"The most interesting and deepest reports were given by Grigory Pomerants – it was the first time that I met him and was greatly impressed by his erudition, breadth of views and academic approach in the best sense of these words. His main conceptions are the following: an exceptional value of culture created by joined efforts of all nations of the West and the East throughout centuries; the necessity of tolerance, compromise and breadth of mind; wretchedness and poverty of any dictatorship and totalitarianism, their historical fruitlessness; wretchedness and futility of any nationalism and chauvinism."
—Andrei Sakharov, Memoirs[2]
Pomerants was among the first Russian disciples of cultural and literary theorist Mikhail Bakhtin.[4]
For many years, Pomerants was involved in polemics with Alexander Solzhenitsyn. Pomerants strongly criticized what he saw as Solzhenitsyn's dogmatic Christian nationalism and argued against his notion of "evil", associated with Communism, as an unavoidably global, well-established phenomenon. In this debate, Pomerants positioned himself closer to the liberal, internationalist wing of the intelligentsia. He countered Solzhenitsyn's ideas by citing Eastern traditions which reject the notion of an inherently permanent, ontological evil.[5][6]

Pomerants is married to Russian poet Zinaida Mirkina.
In 2009, The Bjørnson Prize of the Norwegian Academy of Literature and Freedom of Expression was awarded to Pomerants and Mirkina "for their extensive contribution to strengthening the freedom of expression in Russia."[7]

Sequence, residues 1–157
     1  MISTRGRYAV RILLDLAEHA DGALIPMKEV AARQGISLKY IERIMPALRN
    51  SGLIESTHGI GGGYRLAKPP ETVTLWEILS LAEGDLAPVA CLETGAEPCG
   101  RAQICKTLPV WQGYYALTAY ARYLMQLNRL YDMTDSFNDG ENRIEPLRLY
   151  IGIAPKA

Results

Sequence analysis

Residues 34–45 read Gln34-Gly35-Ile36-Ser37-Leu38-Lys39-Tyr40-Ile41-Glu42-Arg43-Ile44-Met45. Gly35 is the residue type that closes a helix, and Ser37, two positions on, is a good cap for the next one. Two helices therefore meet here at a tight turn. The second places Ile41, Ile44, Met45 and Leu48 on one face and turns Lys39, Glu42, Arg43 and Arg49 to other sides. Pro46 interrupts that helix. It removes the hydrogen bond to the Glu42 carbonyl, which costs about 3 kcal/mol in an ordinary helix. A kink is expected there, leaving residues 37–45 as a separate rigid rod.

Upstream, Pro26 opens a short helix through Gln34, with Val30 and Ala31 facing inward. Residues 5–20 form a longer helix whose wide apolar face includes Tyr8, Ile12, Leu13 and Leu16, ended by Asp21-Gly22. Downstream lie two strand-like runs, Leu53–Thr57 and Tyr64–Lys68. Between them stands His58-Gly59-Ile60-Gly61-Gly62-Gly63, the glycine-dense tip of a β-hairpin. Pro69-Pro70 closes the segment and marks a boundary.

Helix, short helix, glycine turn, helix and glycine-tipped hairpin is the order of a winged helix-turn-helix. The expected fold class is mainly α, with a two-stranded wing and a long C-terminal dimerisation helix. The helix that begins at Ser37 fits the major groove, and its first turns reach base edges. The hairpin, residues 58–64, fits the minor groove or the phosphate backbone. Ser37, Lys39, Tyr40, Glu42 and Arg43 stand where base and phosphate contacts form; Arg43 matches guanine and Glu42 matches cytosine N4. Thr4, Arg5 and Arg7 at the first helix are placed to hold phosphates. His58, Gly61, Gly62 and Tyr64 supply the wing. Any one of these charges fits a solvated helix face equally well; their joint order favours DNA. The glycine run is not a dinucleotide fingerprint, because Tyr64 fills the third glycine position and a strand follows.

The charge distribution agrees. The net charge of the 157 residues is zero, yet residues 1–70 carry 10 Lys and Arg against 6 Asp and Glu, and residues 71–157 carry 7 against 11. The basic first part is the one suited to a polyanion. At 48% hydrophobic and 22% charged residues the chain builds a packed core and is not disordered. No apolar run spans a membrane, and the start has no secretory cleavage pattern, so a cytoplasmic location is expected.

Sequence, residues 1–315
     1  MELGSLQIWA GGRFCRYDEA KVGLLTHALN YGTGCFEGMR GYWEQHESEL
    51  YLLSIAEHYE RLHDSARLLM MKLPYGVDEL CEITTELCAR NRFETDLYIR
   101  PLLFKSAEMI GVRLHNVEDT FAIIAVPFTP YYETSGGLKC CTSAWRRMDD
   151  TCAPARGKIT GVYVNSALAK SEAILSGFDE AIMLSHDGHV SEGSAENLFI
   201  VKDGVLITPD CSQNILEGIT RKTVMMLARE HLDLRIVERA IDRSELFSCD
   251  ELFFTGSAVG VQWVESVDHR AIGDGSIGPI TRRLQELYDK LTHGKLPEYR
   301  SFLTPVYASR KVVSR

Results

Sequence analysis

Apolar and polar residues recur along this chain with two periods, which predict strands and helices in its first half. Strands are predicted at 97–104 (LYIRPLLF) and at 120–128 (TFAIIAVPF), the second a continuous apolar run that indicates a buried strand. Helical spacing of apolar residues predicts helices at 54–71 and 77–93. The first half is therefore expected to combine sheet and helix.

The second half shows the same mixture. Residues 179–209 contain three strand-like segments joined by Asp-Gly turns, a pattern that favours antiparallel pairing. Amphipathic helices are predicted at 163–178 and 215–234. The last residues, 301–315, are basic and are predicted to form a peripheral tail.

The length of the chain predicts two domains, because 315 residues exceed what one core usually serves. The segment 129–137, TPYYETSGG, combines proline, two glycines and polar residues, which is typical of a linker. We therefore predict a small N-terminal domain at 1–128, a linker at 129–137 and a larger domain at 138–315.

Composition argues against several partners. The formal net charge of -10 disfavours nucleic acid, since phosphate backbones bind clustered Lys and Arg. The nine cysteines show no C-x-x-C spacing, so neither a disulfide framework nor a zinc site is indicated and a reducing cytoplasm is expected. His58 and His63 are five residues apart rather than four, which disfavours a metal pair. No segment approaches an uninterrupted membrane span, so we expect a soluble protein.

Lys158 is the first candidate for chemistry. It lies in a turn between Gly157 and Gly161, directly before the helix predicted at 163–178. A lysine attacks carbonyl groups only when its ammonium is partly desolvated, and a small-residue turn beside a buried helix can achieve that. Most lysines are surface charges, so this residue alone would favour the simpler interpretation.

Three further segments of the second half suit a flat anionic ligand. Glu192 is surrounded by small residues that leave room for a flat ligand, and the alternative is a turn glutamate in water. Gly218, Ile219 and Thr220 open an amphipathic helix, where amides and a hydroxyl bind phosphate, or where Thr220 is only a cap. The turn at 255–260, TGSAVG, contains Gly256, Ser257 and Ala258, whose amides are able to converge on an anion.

Major works

(Russian) [Openness to the Abyss]. , 1990 ?., ISBN 5-265-01527-2
(Russian) [Exit from Trance]. ?????., 1995 ?., ISBN 5-7357-0028-5
(Russian) [The Major World Religions] ?.: ?????., 1995 ?., ISBN 5-87907-016-6
(Russian) [Notes of an Ugly Duckling], , (1995) 2003, ISBN 5-8243-0430-0
Pomerants, Grigory. The spiritual movement from the West. An Essay and Two Talks, Caux: Caux Books, 2004, ISBN 2-88037-600-9

^ The International Who's Who 2004, Europa Publications, Routledge, London 2003, p. 1342. ISBN 978-1-85743-217-6; http://www.caux.iofc.org/en/node/32804
^ a b c "Gregory Pomerantz Solomonovich", Pomeranz.ru. Retrieved 1 September 2010.
^ Feldbrugge, Ferdinand (1975). Samizdat and Political Dissent in the Soviet Union. AW Sijthoff. p. 245. ISBN 978-90-286-0175-8.
^ Mihailovic, Alexandar (1997). Corporeal Words: Mikhail Bakhtin's Theology of Discourse. Evanston, Il: Northwestern University Press. p. 234. ISBN 978-0-8101-1459-3.
^ Boobbyer, Philip (2005). Conscience, Dissent and Reform in Soviet Russia. Routledge. pp. 125–126. ISBN 978-0-415-33186-9.
^ (Russian) , #11, 1990
^ "The Bjørnson Prize", Bjørnson Academy (2009). Retrieved 1 September 2010.
External links

Official website
"Conversations in depth: Grigori Pomerants", Herald of Europe No. 2, 2005
"Dissident for our times: Russian essayist and philosopher Grigory Pomerants found his voice in a Soviet prison camp", For A Change, April-May, 2001
"Preserving Depth. Interview with Grigory Pomerants", Russia Profile, January 8, 2008
"In God's Way", Gregory Pomerants, Herald of Europe No. 7, 2010
(Russian) – Notes of an Ugly Duckling, Pomerants' autobiographical essays hosted at the Andrei Sakharov Museum and Public Center
(Russian) «– Acceptance speech for the Bjørnson Prize, «», November 23, 2009
http://youtu.be/4z4dPO6zGWA(Russian) » – Digital